Americans love football, but recent stories about the intense and cumulative effect of trauma on the brain has caused researchers to determine how often and how hard young football players are absorbing impact to their heads.
According to an article published online by JAMA Pediatrics and reported in Medical News Today (www.medicalnewstoday.com/releases/293501.php), 3 million youth athletes, 1.1 million high school athletes and 100,000 college athletes playing tackle football every year. While "a slight majority of concussions happened during youth football games but most concussions at the high school and college levels occurred during practice," the article said.
During the past year many news items about the impact of a lifetime of playing football on professional athletes have been reported. In addition, a report from the Institute of Medicine stressed the necessity of determining the incidence of concussion in younger athletes.
The study by Thomas P. Dompier, Ph.D., A.T.C., of the Datalys Center for Sports Injury Research and Prevention Inc., Indianapolis, and coauthors collected data collected from three large injury surveillance systems. It was reported that "the Youth Football Surveillance System included 118 youth football teams, providing 4,092 athlete seasons (one player participating in one season); the National Athletic Treatment, Injury and Outcomes Network included 96 secondary school football programs, providing 11,957 athlete-seasons; and the National Collegiate Athletic Association Injury Surveillance Program included 24 member institutions, providing 4,305 athlete-seasons."
During the 2012 and 2013 seasons, 1,198 concussions were reported with "141 (11.8 percent) of them in youth athletes, 795 (66.4 percent) in high school athletes and 262 (21.9 percent) in college athletes," the report said. About 9.6 percent, 4 percent and 8 percent of all injuries reported in the youth, high school and college football groups were caused by concussions.
The results indicate that "53.9 percent of concussions occurred during youth football games, but in high school and college most concussions (57.7 percent and 57.6 percent, respectively) happened during practice." While there were no concussions reported in youth football players aged 5 to 7, young players accounted for more than 7,000 athlete exposures (one player participating in one game or one practice).
According to the study, the college concussion rate (3.74 per 1,000 AEs) in games was higher than that reported in high school (2.01 per 1,000 AEs) and youth games (2.38 per 1,000 AEs).The college concussion rate in practice (0.53 per 1,000 AEs) was lower than the one in high school (0.66 per 1,000 AEs).
The lowest one-season concussion risks were reported in youth football had in 2012 (3.53 percent in 2012 and 3.13 percent in 2013). Risk for concussion was highest in high school (9.98 percent) and college (5.54 percent) in 2012.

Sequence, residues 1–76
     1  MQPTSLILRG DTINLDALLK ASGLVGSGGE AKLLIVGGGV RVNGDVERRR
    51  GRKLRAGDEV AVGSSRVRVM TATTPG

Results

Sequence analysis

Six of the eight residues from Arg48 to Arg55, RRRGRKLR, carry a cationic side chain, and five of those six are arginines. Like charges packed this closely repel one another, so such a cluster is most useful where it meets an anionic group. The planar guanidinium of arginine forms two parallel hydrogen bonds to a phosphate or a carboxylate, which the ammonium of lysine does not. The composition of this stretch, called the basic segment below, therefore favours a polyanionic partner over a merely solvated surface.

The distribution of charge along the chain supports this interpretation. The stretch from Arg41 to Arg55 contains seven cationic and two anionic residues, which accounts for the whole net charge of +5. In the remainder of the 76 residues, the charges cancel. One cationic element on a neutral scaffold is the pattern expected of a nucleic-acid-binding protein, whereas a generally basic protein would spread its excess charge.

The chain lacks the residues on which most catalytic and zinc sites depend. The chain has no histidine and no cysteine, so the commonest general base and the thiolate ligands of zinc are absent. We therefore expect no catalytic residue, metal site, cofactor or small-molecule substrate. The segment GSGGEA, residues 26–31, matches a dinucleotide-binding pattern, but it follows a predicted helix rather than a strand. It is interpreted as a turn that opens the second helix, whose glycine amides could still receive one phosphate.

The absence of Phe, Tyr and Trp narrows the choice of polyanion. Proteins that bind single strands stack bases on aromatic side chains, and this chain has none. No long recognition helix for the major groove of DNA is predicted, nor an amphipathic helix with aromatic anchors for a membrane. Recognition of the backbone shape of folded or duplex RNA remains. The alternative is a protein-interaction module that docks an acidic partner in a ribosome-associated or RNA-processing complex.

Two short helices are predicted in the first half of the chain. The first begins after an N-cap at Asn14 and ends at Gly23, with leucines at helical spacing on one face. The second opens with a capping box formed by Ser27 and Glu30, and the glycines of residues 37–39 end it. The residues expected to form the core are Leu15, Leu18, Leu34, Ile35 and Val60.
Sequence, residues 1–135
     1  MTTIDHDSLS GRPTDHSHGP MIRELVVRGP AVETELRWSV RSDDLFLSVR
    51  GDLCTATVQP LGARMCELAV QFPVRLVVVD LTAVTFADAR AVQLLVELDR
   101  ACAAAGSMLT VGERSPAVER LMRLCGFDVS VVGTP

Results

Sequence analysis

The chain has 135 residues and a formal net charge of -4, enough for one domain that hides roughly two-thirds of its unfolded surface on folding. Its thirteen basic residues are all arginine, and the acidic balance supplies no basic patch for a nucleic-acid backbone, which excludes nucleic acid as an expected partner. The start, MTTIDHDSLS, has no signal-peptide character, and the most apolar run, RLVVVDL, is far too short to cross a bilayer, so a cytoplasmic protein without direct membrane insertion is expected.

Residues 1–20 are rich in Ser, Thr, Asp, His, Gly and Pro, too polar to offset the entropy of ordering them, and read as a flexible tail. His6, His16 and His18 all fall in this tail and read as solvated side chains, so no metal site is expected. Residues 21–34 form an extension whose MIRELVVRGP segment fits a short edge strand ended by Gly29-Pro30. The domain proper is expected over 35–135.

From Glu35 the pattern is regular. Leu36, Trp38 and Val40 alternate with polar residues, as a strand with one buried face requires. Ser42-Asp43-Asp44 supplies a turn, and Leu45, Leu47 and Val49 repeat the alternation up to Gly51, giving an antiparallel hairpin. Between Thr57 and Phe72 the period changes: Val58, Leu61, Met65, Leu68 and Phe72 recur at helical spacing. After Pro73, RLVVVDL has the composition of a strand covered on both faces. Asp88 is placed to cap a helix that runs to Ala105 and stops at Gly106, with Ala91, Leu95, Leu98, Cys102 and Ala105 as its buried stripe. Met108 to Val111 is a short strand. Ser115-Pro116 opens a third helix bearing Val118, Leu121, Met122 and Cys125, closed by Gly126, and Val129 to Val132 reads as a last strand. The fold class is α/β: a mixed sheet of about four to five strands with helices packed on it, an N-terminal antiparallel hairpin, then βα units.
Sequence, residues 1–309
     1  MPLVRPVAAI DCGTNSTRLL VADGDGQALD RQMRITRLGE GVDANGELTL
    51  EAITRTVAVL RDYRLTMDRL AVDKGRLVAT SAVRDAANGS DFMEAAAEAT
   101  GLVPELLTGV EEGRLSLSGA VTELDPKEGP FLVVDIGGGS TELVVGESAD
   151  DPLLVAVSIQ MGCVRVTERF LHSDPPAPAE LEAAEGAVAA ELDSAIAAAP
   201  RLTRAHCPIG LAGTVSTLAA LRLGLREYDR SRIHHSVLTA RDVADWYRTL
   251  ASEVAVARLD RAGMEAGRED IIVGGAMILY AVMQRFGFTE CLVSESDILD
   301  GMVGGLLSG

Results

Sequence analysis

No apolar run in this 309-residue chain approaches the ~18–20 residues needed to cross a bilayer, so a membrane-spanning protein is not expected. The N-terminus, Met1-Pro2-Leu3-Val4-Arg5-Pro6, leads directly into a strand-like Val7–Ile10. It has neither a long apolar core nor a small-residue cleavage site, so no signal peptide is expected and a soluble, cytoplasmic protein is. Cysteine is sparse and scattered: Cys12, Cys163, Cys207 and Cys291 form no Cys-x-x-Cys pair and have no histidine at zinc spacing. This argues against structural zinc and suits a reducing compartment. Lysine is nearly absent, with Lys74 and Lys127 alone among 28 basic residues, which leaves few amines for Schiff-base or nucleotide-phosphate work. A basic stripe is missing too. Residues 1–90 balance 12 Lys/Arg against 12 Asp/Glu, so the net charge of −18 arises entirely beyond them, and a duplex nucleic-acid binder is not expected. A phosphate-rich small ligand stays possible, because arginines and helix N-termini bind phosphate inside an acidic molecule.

The study concluded, "The rate of concussion in youth players was generally not different from those in high school and college players compared with other injuries. However, football practices were a major source of concussion at all three levels of competition. Concussions during practice might be mitigated and should prompt an evaluation of technique and head impact exposure. Although it is more difficult to change the intensity or conditions of a game, many strategies can be used during practice to limit play-to-player contact and other potentially injurious behaviors."
How can concussions be prevented or their effects minimized? Yesterday ABC News reported that football players at UCLA have started wearing sensor-laden helmets that enable researchers to study head-hits and concussions for the next three years. Funded by the National Collegiate Athletic Association (NCAA) and the Department of Defense (DOD), the $30 million project called Advanced Research Core, or ARC, includes the football teams at UCLA, Virginia Tech and the University of North Carolina. These schools will send data from the helmets to Indiana University for further research.
According to the report, 27 volunteer players at UCLA are going to wear the helmets that determine where and how hard the players have been hit. Special sensors will measure the impact in units of force of acceleration called g's, said Dr. Chris Giza, director of the UCLA Steve Tisch BrainSPORT Program and professor of pediatrics and neurosurgery at UCLA's David Geffen School of Medicine and Mattel Children's Hospital.
Giza explained, "The first part of the study is trying to figure out normal biological process -- what's that window of brain vulnerability before people can go back to [playing] safely." He hopes that what ARC researchers learn can be useful for college, high school and youth athletes.
Dr. John DiFiori, head physician at UCLA Health, added that the pager devices connected to the helmets sound their alarms approximately once during a practice to signify a critical hit, saying that there are about 250 hits per practice. Researchers want to study "the long-term effects of repeated concussions, such as CTE and perhaps a predisposition to dementia," the report concluded.
Source: Medical News Today and ABC News